“Its seems on average, about 90 percent of the fish biomass and production should remain,” said Jeremy Claisse, an associate Professor of Quantitative Marine Ecology at Cal Poly Pomona who has been studying fish under the platforms for about the past decade.

Each platform would be addressed individually, requiring a specific project, approval from the operator and sign off from either the Bureau of Safety and Environmental Enforcement (BSEE) for platforms in federal waters or the State Lands Committee for platforms in state waters.

Smith said despite AB 2503, more legislative action is required for any type of rigs to reefs project. California must have an Artificial Reef Program and plan to manage the reefs; the state currently has neither. The California Department of Fish and Wildlife had an artificial reef program, the California Artificial Reef Program (CARP), but it has not been funded for almost two decades.

“The Politics, Economics, and Ecology of Decommissioning Offshore Oil and Gas structures” By Michael Vincent McGinnis, 2001, estimated partial removal would cost $5.9 million to $90.3 million. Complete removal was estimated to cost $8.5 million to $106.3 million. Smith said the state would get 80 percent of the savings from partial decommissioning, while the oil company would get 20 percent.

Complete removal

State and federal laws require platforms be decommissioned at the end of their hydrocarbon production life and be totally removed. The costs, environmental disruption to the abundance of life on the platforms, environmental impacts and feasibility of removal have been the focus of much debate.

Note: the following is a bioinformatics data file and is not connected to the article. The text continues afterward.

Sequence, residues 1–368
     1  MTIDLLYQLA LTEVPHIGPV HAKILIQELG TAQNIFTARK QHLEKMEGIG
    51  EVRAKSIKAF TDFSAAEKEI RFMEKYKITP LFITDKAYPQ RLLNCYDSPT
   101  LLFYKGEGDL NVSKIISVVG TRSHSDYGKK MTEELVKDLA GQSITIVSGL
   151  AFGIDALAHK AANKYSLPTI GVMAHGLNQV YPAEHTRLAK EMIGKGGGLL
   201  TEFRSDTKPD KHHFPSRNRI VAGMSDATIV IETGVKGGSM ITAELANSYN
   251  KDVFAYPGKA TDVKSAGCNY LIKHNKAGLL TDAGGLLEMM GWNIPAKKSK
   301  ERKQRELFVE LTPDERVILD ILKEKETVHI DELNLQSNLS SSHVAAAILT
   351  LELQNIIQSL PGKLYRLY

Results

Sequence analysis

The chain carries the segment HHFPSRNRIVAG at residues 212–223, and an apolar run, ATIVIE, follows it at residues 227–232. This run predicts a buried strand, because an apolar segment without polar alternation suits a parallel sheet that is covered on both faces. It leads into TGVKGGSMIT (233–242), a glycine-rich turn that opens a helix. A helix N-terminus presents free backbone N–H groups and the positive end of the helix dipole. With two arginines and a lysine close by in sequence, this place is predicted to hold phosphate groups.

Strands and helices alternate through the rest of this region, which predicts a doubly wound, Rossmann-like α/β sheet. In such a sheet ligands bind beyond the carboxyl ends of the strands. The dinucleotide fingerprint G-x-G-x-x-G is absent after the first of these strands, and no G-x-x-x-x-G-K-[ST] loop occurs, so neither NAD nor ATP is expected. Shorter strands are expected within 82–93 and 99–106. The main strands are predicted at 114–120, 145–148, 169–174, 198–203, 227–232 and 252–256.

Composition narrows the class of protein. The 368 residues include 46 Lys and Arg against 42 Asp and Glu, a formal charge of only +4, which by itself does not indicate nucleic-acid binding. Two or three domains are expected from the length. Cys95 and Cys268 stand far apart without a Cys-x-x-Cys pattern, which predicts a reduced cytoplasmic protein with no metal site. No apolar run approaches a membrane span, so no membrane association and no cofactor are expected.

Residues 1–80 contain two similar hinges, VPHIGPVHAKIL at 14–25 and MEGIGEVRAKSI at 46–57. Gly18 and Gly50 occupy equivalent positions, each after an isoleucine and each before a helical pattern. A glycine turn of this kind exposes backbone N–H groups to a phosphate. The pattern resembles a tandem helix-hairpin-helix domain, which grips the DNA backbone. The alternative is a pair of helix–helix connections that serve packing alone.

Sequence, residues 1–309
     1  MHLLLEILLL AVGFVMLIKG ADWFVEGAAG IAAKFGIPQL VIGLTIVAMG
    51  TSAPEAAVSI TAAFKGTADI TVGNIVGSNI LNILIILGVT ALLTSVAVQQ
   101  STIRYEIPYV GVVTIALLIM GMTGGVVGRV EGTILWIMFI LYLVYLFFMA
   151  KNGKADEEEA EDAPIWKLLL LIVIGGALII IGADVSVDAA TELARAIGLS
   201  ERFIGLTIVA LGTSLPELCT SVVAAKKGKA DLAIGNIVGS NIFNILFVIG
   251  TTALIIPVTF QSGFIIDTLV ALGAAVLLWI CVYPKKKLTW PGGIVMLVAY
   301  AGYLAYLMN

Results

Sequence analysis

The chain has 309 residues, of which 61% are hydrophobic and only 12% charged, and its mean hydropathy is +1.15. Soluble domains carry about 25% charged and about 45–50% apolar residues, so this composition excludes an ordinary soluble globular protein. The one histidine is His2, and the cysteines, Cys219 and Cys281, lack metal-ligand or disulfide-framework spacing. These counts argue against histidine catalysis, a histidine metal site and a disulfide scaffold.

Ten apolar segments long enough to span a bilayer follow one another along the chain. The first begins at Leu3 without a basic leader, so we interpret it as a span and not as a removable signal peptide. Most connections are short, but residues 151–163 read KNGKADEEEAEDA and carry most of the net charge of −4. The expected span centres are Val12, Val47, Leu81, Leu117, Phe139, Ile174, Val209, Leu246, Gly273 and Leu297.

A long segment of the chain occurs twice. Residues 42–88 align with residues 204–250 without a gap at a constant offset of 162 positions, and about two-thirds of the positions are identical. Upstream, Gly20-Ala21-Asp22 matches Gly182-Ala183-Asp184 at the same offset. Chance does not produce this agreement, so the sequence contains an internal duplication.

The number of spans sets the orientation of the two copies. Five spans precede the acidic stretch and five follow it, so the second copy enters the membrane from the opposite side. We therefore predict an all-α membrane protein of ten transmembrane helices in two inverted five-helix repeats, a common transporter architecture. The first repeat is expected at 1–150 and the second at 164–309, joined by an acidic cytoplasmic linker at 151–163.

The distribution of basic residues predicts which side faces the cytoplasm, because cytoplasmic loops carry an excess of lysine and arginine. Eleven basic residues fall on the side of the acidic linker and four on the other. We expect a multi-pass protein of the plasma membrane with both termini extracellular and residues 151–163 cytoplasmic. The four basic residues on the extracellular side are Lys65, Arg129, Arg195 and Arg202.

Due to the weight of the platforms, which can be as much as 86,513 tons, removal would require specialized heavy lift barges, of which only a few exist in the world.

“You’re essentially bringing in a power plant,” said Smith at the March 4 event. “It would serve 20,000 people for a whole year. That’s the amount of power and generation.”

Smith said there is also the issue of where onshore the massive metal pieces could be brought to; saying California does not have the infrastructure for that.

Platforms as a habitat

Speakers at the aquarium’s January forum included scientists who have studied fish and marine life that have made these platforms home. One study found there is 27 times more fish production under platforms than on natural rocky reefs in the region.

Jeremy Claisse, an Associate Professor of Quantitative Marine Ecology at Cal Poly Pomona, has analyzed and modeled numbers for fish population and production around these defacto reefs for almost the past decade. He said fish populations vary widely at each platform and even at different depths on each platform, noting deeper platforms don’t necessarily have more fish.

“We think that it’s important as we’re considering decommissioning options to consider each platform individually and look at the types of species that are productive there,” Claisse said.

He provided The Log with data on the average density and type of fish around each platform across all the years the platforms were surveyed; the numbers for the six platforms in the process of being decommissioned are seen here. Fishes include various types of rockfish, lingcod and greenlings.

Share This:


Your email address will not be published. Required fields are marked *